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Lesson 4 Creating an index-organized table
Objective Create an index-organized table.

Creating an index-organized Table

As the name implies, an index-organized table is just another variety of a standard table. To create an index-organized table, use a simple variation of the standard commands to create a table.

Syntax

Previously in this series, you learned how to create a table using the CREATE TABLE command. To specify that a table is an index-organized table, you only have to add two keywords at the end of the table definition:

ORGANIZATION INDEX

These words tell Oracle that the table should be created as an index-organized table. The alternative keywords are ORGANIZATION HEAP, which is the default and therefore rarely used, except for documentation purposes. Of course, because an index-organized table must have a primary key, you must also define a primary key constraint for the table.
You can also create an index-organized table with the Schema Manager, as shown in the following example.

Example

The following code will create a table called sales figures as an index-organized table:
CREATE TABLE sales_figures (store_id NUMBER, Quarter 
INTEGER, month INTEGER, amount NUMBER
CONSTRAINT pk_sales_figures PRIMARY KEY (store_id, 
quarter, month))
ORGANIZATION INDEX;

Notice that the only additional syntax you need is the ORGANIZATION INDEX keywords, because the primary key constraint has already identified the columns that will be the key for the index-organized table.
You can also create an index-organized table with Schema Manager. In the next lesson, you will learn some additional syntax options to help you create index-organized tables with larger rows.

Creating an Index-Organized Table

The data definition language (DDL) for an index-organized table is very similar to the DDL for a heaporganized table. The key difference is the use of the ORGANIZATION INDEX clause, which tells Oracle you are creating an index-organized table. For example,

SQL> CREATE TABLE locations_iot
2 (LOCATION_ID NUMBER(4) NOT NULL
3 ,STREET_ADDRESS VARCHAR2(40)
4 ,POSTAL_CODE VARCHAR2(12)
5 ,CITY VARCHAR2(30) NOT NULL
6 ,STATE_PROVINCE VARCHAR2(25)
7 ,COUNTRY_ID CHAR(2)
8 ,CONSTRAINT locations_iot_pk PRIMARY KEY (location_id)
9 )
10 ORGANIZATION INDEX;
Table created.

As previously stated, you must have a primary key defined on an IOT. Since the IOT is stored in a Btree index structure, there is no physical ROWID stored with each row. That is why you must have a primary key on an IOT so that each row can be uniquely identified.
The B-tree structure of an index-organized table is based on the primary key values. If you do not specify a primary key, you will get the following error:
SQL> CREATE TABLE locations_iot
2 (LOCATION_ID NUMBER(4) NOT NULL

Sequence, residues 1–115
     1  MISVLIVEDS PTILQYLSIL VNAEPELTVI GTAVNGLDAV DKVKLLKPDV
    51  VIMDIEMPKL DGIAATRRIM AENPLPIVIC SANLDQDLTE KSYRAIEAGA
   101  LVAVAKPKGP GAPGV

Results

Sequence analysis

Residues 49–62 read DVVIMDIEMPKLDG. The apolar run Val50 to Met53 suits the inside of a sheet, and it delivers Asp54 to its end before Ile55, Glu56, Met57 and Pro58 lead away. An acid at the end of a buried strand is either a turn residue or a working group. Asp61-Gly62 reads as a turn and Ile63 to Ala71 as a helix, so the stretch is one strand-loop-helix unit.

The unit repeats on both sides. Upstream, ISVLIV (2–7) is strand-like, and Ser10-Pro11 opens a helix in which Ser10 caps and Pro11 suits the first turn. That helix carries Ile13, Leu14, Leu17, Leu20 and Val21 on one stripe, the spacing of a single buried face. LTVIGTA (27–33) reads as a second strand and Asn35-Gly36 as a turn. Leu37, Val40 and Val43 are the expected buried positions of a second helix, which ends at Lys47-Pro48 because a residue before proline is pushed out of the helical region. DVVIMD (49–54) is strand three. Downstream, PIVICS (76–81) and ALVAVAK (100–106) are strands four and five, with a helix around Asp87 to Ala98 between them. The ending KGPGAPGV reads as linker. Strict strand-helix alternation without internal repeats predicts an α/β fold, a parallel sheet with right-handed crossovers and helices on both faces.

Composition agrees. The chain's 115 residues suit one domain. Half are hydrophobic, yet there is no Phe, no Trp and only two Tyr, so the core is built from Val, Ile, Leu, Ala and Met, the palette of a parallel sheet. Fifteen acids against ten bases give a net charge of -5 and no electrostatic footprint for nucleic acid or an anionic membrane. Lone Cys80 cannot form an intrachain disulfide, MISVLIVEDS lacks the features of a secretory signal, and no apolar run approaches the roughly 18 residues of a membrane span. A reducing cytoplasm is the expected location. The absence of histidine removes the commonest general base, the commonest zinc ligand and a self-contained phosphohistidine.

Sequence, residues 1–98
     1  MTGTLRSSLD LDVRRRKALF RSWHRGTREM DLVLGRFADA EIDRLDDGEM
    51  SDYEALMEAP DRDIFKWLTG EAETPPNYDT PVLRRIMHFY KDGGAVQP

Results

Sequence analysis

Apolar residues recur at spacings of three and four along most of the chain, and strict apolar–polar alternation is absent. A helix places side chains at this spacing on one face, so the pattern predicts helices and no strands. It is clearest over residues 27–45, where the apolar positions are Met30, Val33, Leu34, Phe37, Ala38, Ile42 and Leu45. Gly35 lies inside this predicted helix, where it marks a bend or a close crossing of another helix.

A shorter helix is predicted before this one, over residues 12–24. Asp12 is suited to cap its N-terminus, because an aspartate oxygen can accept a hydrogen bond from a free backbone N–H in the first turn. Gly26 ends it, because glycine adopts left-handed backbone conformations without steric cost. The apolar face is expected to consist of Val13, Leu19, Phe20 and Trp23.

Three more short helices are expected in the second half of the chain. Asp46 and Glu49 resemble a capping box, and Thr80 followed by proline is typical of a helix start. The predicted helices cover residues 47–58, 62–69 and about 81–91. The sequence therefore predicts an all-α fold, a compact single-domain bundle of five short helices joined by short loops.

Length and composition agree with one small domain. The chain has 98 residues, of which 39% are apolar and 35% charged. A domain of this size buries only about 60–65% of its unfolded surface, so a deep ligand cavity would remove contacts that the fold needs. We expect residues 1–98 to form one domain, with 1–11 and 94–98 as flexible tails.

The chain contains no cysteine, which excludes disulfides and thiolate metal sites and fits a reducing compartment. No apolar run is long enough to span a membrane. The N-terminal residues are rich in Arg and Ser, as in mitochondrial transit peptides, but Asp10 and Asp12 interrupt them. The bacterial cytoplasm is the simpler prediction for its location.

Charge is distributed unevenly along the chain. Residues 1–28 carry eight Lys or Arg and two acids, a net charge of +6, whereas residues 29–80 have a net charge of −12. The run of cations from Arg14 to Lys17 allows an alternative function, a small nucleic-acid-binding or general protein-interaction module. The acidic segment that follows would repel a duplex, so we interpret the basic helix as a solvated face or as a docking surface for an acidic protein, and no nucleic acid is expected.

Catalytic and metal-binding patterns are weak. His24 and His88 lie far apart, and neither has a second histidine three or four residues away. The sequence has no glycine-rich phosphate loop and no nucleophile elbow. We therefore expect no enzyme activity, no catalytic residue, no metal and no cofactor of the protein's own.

3 ,STREET_ADDRESS VARCHAR2(40)
4 ,POSTAL_CODE VARCHAR2(12)
5 ,CITY VARCHAR2(30) NOT NULL
6 ,STATE_PROVINCE VARCHAR2(25)
7 ,COUNTRY_ID CHAR(2)
8 )
9 ORGANIZATION INDEX;
organization index
*
ERROR at line 10:
ORA-25175: no PRIMARY KEY constraint found

For the most part, index-organized tables can be partitioned just like a heap organized table. You can partition index-organized tables using the following partitioning methods: range, list, or hash partitioning. Using the LOCATIONS_IOT from the previous example, you can list partition the table by STATE_PROVINCE based on whether it is a domestic or international state province. See the following DDL:
SQL> CREATE TABLE locations_iot
2 (LOCATION_ID NUMBER(4) NOT NULL
3 ,STREET_ADDRESS VARCHAR2(40)
4 ,POSTAL_CODE VARCHAR2(12)
5 ,CITY VARCHAR2(30) NOT NULL
6 ,STATE_PROVINCE VARCHAR2(25) NOT NULL
7 ,COUNTRY_ID CHAR(2)
8 ,constraint locations_iot_pk primary key 
(location_id, state_province)
9 )
10 ORGANIZATION INDEX
11 partition by list(STATE_PROVINCE)
12 (partition p_intl values
13 ('Maharashtra','Bavaria','New South Wales', 'BE','Geneve',
14 'Tokyo Prefecture', 'Sao Paulo','Manchester','Utrecht',
15 'Ontario','Yukon','Oxford'),
16 partition p_domestic values 
('Texas','New Jersey','Washington','California'));
Table created.

You cannot use composite partitioning in relation to index-organized tables. See this DDL snippet, where you are attempting to create a composite range-list partitioned table:
SQL> CREATE TABLE locations_iot
2 ...
17 organization index
18 partition by range(hire_date)
19 subpartition by list( DEPARTMENT_ID)
20 subpartition template
21 (SUBPARTITION JOB10 VALUES ('10')
22 ,SUBPARTITION JOB20 VALUES ('20')
23 ,SUBPARTITION JOB30 VALUES ('30')
24 ,SUBPARTITION JOB40 VALUES ('40')
25 ,SUBPARTITION JOB50 VALUES ('50')
26 ,SUBPARTITION JOB60 VALUES ('60')
27 ,SUBPARTITION JOB70 VALUES ('70')
28 ,SUBPARTITION JOB80 VALUES ('80')
29 ,SUBPARTITION JOB90 VALUES ('90')
30 ,SUBPARTITION JOB100 VALUES ('100')
31 ,SUBPARTITION JOB110 VALUES ('110')
32 (
33 partition p1990 values less than ('1991-01-01'),
...
45 );
subpartition template
*
ERROR at line 20:
ORA-25198: only range, list, and hash partitioning 
are supported forindex-organized table

This error clearly indicates that composite partitioning is not supported. For more information on the features of IOT''s and their limitations, see the Oracle Database Administrator's Guide for your release of the database.

Creating Index Organized Table - Exercise

Click the Exercise link below to practice creating an index-organized table.
Creating Index Organized Table - Exercise